Disclaimer: Every carrier’s insurance policy is different. Please consult your auto insurance policy for specific coverages, exclusions, and limitations.

FAQs – 7 Frequently Asked Questions about Flood Insurance

The issue of flood insurance can be confusing.

Many people don’t know when or if they need it when they are in the process of purchasing a new home. To bring a little clarity, let’s dive into the 7 most commonly ask questions about flood insurance.

Do I Need Flood Insurance?

Flood Insurance Near Me

Against what most people would believe, this answer is almost always “yes”. The definition of flood in the insurance world is way different than what most people would think. According to the National Flood Insurance Program, the definition of flood is “an excess of water on land that is normally dry, affecting two or more acres of land or two or more properties”.

In short, anywhere it can rain, it can flood.

If you live in a flood zone, also called a Special Flood Hazard Area (SFHA), your mortgage company may require you to have flood insurance. This is especially true if you have a government backed mortgage.

Even if you are not required to purchase flood insurance, it is still strongly worth considering. While your area may have never flooded before, things like broken water mains, melting snow, strong storms, poor drainage systems or construction in your neighborhood can result in flooding. In the 2010 floods that occurred in the Nashville area where over 13 inches of rain fell in 36 hours, many people were taken by surprise. Hundreds of properties not located in a flood zone were affected, causing over $2 billion in damage.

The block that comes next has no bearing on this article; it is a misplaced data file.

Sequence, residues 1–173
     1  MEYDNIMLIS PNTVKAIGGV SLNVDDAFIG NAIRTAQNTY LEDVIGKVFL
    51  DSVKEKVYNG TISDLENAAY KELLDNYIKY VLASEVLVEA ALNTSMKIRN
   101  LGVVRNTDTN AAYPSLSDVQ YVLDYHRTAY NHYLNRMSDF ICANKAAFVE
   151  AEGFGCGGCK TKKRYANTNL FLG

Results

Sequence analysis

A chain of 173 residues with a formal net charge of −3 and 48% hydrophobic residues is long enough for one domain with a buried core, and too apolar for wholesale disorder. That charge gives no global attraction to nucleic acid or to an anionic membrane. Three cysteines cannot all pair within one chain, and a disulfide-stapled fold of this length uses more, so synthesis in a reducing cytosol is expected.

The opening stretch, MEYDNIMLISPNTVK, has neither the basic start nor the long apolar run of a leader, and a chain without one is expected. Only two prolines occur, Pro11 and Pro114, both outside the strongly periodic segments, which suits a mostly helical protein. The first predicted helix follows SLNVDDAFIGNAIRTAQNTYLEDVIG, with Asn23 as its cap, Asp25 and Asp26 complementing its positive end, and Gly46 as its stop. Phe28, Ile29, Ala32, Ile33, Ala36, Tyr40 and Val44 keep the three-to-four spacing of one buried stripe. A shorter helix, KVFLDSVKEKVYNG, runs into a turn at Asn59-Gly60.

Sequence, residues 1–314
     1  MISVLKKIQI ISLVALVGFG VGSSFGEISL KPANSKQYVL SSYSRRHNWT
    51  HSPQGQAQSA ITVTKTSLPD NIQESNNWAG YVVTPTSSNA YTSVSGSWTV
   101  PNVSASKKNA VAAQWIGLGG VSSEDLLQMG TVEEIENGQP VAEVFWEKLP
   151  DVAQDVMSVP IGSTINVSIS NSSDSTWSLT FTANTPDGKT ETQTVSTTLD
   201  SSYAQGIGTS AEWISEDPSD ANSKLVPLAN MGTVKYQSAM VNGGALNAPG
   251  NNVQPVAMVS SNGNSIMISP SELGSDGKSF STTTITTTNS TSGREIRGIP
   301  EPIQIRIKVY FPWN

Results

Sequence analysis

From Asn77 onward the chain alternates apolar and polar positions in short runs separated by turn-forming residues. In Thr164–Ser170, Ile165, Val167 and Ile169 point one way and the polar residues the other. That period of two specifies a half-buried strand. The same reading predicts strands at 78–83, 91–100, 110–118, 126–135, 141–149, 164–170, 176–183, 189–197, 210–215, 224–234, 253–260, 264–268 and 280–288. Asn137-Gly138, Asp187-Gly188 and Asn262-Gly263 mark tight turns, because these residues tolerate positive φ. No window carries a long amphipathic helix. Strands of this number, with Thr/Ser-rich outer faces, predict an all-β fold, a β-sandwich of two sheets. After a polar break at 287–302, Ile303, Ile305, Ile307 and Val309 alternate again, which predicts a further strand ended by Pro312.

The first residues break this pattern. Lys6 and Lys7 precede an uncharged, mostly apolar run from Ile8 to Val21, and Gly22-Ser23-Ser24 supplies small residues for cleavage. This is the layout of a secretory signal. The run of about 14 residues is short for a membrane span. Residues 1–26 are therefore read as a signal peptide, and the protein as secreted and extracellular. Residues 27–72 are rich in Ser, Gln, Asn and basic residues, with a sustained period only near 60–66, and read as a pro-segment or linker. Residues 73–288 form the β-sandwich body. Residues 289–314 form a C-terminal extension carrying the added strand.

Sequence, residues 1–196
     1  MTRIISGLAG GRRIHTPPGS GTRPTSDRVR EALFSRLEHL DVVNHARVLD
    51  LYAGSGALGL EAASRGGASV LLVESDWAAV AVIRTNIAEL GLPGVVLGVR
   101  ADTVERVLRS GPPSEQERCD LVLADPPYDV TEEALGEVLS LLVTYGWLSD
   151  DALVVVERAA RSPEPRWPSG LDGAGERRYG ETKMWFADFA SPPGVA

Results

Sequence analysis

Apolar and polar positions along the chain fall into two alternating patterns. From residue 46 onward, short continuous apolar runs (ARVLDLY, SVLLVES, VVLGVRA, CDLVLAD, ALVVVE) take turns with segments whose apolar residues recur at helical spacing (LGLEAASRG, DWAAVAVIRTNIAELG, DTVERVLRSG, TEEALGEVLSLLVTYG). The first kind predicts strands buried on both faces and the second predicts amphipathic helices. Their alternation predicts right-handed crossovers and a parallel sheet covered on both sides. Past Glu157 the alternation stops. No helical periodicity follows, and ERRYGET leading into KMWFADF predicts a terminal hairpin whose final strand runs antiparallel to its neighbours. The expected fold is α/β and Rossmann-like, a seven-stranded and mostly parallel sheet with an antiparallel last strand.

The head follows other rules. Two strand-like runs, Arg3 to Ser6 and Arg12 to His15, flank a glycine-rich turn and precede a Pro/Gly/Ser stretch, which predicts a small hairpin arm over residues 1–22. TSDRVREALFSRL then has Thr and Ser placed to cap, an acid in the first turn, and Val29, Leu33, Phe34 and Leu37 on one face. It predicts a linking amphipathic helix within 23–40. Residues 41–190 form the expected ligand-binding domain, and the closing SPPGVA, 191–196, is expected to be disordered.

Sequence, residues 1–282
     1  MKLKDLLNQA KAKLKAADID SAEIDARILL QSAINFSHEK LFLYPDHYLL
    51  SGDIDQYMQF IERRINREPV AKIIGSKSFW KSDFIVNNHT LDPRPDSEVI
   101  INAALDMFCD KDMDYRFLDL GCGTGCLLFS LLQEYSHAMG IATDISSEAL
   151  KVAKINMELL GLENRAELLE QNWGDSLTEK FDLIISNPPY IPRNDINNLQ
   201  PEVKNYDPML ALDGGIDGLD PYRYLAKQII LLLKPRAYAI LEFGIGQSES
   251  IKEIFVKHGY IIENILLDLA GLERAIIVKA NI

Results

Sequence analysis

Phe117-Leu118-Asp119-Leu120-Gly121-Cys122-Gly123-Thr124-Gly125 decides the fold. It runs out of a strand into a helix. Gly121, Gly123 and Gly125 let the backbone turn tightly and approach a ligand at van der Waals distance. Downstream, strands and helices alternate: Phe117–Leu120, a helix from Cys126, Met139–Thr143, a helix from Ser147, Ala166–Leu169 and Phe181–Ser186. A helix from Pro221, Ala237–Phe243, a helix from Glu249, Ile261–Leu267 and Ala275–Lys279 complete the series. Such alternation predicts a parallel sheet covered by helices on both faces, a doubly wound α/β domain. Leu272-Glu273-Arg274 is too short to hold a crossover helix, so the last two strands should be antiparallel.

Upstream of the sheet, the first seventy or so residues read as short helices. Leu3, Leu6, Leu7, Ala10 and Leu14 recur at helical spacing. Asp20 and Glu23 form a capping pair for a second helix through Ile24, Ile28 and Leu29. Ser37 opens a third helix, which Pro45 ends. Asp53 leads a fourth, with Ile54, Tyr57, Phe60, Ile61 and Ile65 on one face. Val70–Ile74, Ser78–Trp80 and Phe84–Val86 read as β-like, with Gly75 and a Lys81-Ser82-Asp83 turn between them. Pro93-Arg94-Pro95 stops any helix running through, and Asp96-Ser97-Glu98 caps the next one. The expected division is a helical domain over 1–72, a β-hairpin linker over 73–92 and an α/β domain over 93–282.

According to NFIP, over 20% of claims of all NFIP claims are outside of high risk areas. You can receive lower cost coverage if you live in a low or moderate-risk flood area. 

Does My Homeowners Insurance Cover Flood?

Insurance Flood Near Me

For most insurance policies, the answer is “no”. A standard homeowner’s insurance policy specifically excludes water damage caused by flood, surface water, tidal water, waves, or an overflow of any body of water. Many policies also exclude water that comes in below the surface of the ground. Problems like this are very common in structures with a basement.

What Does Flood Insurance Cover?

There are two types of coverage on a flood insurance policy, building and contents.

Building coverage is limited to $250,000 if you purchase your policy through the NFIP. If you purchase through a private insurer, the limit can be much higher.

Your building coverage will cover things like:

  • Foundations, walls, and staircases